September 30th, 2013 | By Kim Berkley
Brace yourselves, fellow gamers: October is coming. In honor of the flood of horror games and “let’s plays” about to be unleashed upon us, this week’s game is a dead-of-the-night test of tolerance which pits the player against four murderous psychopaths at large. Saibot Studios’s Doorways, an enigmatic horror adventure for the PC, dares gamers to cross the threshold and delve into nightmarish realms plagued by insanity and saturated in shadows.
Doorways, at its current stage of development, is an odd experience. With only two out of a probable four (or more?) total chapters released thus far, the story remains, for the moment, incomplete, the riddles largely unsolved. Without a TARDIS (or at least a flux capacitor) it’s impossible to know exactly where this mystery is going – especially in light of the developer’s promise that each threshold will lead to a different world. There are hints of what might lie in store for the future, but for now, all I can do is shrug my shoulders and wait for chapter three.
As far as the currently released chapters, I can say this: the writing is wonderfully gloomy, though it strays on rare occasions into the realm of overly dramatic and trying a little too hard to set the player up for a scare. Sam A. Mowry, who many gamers will recognize as the voice of Alexander in Amnesia: The Dark Descent, Dr. Eminiss from the Penumbra series, and Alric in Torchlight, lends his delightfully wicked vocal chords to protagonist Thomas Foster, a man sent by a cryptic organization known as Doorways to investigate the whereabouts of four crazed murderers. Thomas’s obvious mixed feelings of repulsion and awe in regard to the killers suggests a personality as twisted and dark as the worlds he must traverse to find them.
Unfortunately, there is such a thing as too much darkness, even in a horror game. While nighttime terrors and hallways riddled with dust, cobwebs and shadow are staples of the genre for a reason, too much of a good thing becomes a migraine when the dark-to-light ratio is excessively out of balance. Doorways stumbles right into that trap, with an environment so completely obscured at times that it is nearly impossible to see anything at all.
Chapter One basically feels like an Amnesia mod (specifically, Candles) with a dash of Saw-esque torture voyeurism. The level quickly degenerates from a potentially nightmarish journey into just a nightmare, leading the player on a not-so-merry chase through the woods and into an old, abandoned building (fitted with the very finest in creaking doors and inexplicable moanings and groanings) for a morbid scavenger hunt. While enemies technically exist, they function more as lurking, annoying obstacles than anything else, and most of the scripted scares fare little better in terms of panic-inducement – though, admittedly, the first one is a decent shock. The atmosphere strives for a slow, intense buildup of dread, but falters early on and falls somewhere between only “kind of creepy” and “somewhat meh,” due in part to over-repetition of sound effects and a soundtrack on too short a loop.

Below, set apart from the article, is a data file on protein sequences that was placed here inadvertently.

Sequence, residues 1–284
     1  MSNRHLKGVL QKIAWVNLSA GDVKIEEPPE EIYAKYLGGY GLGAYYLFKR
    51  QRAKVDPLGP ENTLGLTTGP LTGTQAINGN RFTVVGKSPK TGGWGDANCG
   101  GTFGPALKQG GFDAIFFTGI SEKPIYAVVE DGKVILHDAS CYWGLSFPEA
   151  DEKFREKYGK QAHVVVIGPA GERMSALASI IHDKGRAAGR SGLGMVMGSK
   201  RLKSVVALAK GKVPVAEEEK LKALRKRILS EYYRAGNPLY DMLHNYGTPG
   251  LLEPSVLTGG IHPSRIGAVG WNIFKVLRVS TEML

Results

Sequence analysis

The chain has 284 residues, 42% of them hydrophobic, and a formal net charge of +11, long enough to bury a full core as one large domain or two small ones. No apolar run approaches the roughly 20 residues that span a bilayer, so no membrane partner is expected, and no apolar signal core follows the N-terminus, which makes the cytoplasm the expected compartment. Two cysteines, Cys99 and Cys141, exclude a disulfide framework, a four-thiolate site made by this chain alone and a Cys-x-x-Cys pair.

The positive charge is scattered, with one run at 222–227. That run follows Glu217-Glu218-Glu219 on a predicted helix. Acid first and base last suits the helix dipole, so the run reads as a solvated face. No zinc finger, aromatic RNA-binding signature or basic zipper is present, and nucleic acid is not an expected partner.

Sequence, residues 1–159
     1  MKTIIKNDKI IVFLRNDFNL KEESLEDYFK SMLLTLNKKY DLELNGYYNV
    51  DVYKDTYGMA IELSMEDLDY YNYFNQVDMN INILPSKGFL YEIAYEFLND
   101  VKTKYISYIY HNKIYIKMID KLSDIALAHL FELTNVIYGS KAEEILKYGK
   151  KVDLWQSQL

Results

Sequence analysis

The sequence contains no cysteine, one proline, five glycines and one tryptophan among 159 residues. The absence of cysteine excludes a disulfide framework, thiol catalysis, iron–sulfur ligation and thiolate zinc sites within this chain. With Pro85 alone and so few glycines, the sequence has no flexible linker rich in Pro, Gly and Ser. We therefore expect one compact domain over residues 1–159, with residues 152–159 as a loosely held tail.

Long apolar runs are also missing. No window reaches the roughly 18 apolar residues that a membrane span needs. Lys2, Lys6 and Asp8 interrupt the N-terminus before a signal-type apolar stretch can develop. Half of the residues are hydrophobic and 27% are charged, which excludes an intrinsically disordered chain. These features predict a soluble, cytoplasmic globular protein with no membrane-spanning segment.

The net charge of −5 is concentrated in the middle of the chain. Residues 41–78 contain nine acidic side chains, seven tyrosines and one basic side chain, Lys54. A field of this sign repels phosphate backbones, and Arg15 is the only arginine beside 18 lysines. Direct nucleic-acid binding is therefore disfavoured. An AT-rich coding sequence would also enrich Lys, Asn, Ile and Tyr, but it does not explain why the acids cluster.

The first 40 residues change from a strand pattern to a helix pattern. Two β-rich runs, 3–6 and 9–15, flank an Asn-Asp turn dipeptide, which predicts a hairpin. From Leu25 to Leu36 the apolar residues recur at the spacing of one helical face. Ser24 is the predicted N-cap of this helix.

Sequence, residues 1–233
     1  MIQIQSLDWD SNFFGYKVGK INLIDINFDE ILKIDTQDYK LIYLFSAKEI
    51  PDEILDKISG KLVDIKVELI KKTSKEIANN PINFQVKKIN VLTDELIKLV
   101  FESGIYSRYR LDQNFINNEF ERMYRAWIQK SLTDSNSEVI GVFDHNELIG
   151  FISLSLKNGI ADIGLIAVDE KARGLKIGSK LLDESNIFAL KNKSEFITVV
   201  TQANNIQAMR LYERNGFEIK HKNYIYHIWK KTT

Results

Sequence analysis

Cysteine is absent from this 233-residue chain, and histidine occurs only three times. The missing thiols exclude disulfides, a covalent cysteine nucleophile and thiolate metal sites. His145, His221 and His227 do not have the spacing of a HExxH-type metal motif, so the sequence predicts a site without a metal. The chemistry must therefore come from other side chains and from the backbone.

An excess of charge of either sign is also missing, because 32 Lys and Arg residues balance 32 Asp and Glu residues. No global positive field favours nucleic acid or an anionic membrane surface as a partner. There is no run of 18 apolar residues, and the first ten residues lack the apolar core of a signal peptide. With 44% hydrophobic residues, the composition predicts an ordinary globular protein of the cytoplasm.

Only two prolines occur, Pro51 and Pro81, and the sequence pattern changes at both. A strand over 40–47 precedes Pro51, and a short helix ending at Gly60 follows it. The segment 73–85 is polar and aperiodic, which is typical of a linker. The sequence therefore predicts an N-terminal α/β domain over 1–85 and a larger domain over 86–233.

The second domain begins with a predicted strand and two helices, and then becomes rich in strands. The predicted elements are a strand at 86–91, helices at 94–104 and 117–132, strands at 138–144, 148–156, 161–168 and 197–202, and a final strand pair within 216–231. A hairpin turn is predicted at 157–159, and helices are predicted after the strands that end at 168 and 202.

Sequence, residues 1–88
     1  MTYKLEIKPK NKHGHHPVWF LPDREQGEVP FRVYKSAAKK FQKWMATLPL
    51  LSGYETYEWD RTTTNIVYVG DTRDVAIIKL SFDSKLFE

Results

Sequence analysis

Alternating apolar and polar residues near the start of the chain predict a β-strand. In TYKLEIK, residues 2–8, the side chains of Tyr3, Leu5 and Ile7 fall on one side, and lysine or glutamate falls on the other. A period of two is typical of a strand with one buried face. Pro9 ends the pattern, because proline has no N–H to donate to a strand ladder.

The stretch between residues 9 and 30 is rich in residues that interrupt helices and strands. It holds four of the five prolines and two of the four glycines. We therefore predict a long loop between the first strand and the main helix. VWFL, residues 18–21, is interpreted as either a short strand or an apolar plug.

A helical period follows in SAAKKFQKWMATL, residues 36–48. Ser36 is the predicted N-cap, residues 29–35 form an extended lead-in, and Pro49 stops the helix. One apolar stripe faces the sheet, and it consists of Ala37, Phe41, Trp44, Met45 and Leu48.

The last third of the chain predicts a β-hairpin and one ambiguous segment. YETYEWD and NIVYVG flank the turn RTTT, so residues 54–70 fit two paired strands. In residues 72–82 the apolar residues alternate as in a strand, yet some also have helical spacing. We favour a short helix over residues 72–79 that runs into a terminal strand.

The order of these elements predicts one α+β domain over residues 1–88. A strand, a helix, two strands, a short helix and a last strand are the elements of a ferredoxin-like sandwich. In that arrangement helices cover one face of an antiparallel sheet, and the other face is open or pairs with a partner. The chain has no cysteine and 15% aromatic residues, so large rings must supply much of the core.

As for the scavenger hunt, once again, the game suffers from the error of indulgence running to excess. Puzzles are to be expected in survival horror scenarios, but when the puzzles are too complicated, too long, or too repetitive, the initial fascination is lost and the player is left only with a growing sense of irritation. Add to this the “fun” of digging around for small, miscellaneous objects in near-impenetrable darkness and a less-than-conclusive conclusion to the chapter, and suddenly rage-quitting begins to look like quite the attractive alternative.
However, Chapter Two is, in some ways, worth the journey. Assuming you’ve turned up your brightness dials up to eleven, the environment in this level is a bit creepier and more enjoyable to explore, and achieves a higher aesthetic quality than its precursor. Something of a cross between a spooky cathedral and a closed museum, the world of the second murderer (a deranged sculptor) skews reality with exaggerated perspective and hauntingly lifelike statues, giving the player a distinct sense of being watched. While the enemies this time around aren’t much more dangerous than the ghostly apparitions which populated the first chapter, they are at least more visually and abstractly intriguing. One particular sequence involving a long hallway and a gathering of creepy statues actually manages to be quite disturbingly beautiful, even scary, and it’s a shame the rest of the game doesn’t follow suit.
Doorways, for all the faults in its execution, does have its moments now and then, and may be worth at least a quick look for adventurers not yet jaded by previous horror experiences. It is a project built on a sturdy foundation of intriguing concepts and imaginative potential, and with any luck, future updates will allow the developers to more fully explore the deep, psychologically disturbing depths the game is capable of. At its current stage, it remains an interesting, if imperfect, first attempt.
The first two chapters of Doorways are available for purchase via the official site, with the third and fourth chapters currently slated for a 2014 release.